I wrote this whimsical short story this month while trying to get to the Yeager Airport in order to travel for my day job. My colleague, Grace, provided invaluable assistance to get me where I needed to go.
The Queen Mother’s Allegory
AKA Cheryl’s trip to the airport
In a land far away lived a Queen Mother. With her in a castle high in the mountains also lived a king and two fair princesses. One day, it came to the Queen Mother that while all was good in their land, she still needed to make a journey, to join others of like mind and character, so that she could partake of the cup of knowledge.
The Queen Mother made her preparations for the journey. The day before she was to depart, she received missives. They were confusing, giving ever so many reasons why she should not make her journey. The Queen Mother in her wisdom recognized that these were simply misdirections sent by the evil Travel Wizard. The Queen Mother had faith because she was guided by grace.
The day of her journey arrived, and the fairy princesses called out many calls of affection and lamentations at the thought of being apart from the Queen Mother. One fairy princess cried out and pulled at her clothing in her sadness. The Queen Mother mounted her steed, who she fondly called Jabba. As she departed through the gates, the King stood sternly in the castle doorways, waving his farewells. One fairy princess held back the beasts who guarded the castle gates, and the other fairy princess gave one final caress of parting before closing the gate behind her.
The Queen Mother guided her heavy steed with steady foot and heel, as they wandered forth through the misty fog of morning and approached a long, rocky road toward their destination. The Queen Mother was prepared, because she knew that the misleading messages from the evil wizard would be just the first obstacle in her path to knowledge. But again, she had faith, because she was guided by grace.
As the Queen Mother and her steed moved steadily forward, they were often blocked by old peasants in rickety wagons, who blocked the way. The Queen Mother, with firm lips, would encourage her steed and make her way around these caravans, intent on their own path.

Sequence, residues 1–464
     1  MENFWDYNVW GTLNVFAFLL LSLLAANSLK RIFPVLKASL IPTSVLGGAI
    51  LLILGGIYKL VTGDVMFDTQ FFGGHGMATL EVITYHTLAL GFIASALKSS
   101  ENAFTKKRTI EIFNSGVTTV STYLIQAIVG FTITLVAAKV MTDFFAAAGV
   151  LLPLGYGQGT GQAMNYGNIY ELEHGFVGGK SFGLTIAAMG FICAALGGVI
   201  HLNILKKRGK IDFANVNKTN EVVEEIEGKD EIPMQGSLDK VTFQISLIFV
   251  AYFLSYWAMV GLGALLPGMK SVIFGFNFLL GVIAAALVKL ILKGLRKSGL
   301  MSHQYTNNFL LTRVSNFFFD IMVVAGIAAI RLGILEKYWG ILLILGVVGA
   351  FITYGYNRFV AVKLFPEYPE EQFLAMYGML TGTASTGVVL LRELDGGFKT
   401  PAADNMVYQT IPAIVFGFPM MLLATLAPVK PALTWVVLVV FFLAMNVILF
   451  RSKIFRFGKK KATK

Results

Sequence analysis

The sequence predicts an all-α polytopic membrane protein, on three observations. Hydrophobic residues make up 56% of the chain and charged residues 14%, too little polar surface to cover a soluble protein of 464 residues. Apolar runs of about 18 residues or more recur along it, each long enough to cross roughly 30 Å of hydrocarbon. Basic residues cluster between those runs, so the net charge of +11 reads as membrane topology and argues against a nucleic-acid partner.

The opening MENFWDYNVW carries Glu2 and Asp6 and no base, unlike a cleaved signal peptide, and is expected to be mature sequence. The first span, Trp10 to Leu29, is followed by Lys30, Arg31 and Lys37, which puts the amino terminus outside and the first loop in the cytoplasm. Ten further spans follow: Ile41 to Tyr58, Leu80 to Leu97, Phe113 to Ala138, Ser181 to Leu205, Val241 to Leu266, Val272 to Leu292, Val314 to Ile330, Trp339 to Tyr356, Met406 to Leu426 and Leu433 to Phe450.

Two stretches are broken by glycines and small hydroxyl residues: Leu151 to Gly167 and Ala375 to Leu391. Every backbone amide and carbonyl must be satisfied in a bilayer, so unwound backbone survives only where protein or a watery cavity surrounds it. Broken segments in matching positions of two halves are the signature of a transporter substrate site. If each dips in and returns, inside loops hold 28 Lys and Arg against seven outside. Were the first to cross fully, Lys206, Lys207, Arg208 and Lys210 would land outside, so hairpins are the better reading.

And then, the Queen Mother and her steed approached their first true obstacle, a troll bridge. Unexpectedly, the troll had beautiful, blonde tresses, but with solemn countenance, she held out a long, silver lance, to block their way. The Queen Mother bowed her head respectfully, and paid the price of two notes of tender. The troll accepted the payment and allowed them to pass.
Still, the Queen Mother on her steed made their way further up the mountain, often with sightings of bears who had tackled other travelers on the path. It seemed no time to the Queen Mother before they approached another troll bridge. This one was manned by a long, lean troll who snaked out an arm with curling dragons inked upon it, blocking their path. With another respectful bow of her head, the Queen Mother paid the price of two notes of tender. With a growling sniff, the troll pulled away from the path and allowed them to pass.
As the Queen Mother and her steed reached the top of the mountain, they emerged into a sprawling city. Everywhere were people at industry, puffs of smoke from their many fires bespoiling the air. At the center of the city lay a castle with a large golden dome at its height. The road pulled in that direction, but the Queen Mother pointed her steed up a small quiet path to the right of the castle. The Queen Mother headed to another small castle owned by a powerful wizard who had complete mastery over both creatures of the air and barriers of sound. The Queen Mother headed in that direction because she was guided by grace.
The Queen Mother entered the castle walls and after a long search found a stable for her faithful steed. Gathering her satchel over her shoulder and her weapons in hand, the Queen Mother approached her final obstacle. At the entrance of the castle, the Queen Mother approached the guards at the outer gate. At first, the guards sneered and questioned her identity. Quietly, the Queen Mother held out a royal token. The guards bowed low to the ground, swinging open the gates to let her pass, and even to go as far as to carry her satchel for her.
The wizards helpers swarmed around her with smiles and calls of greeting, as they guided her to the inner gates and onto a long shiny dragon who with a quiet rumble, went running along the ground before leaping with a quiet dignity into the air. The Queen Mother then flew for the rest of her journey, where she joined others of her ilk, with like mind and character. And together, they supped from the cup of knowledge.
One thought on “The Queen Mother”
You kept me reading to the end, a smile in word form!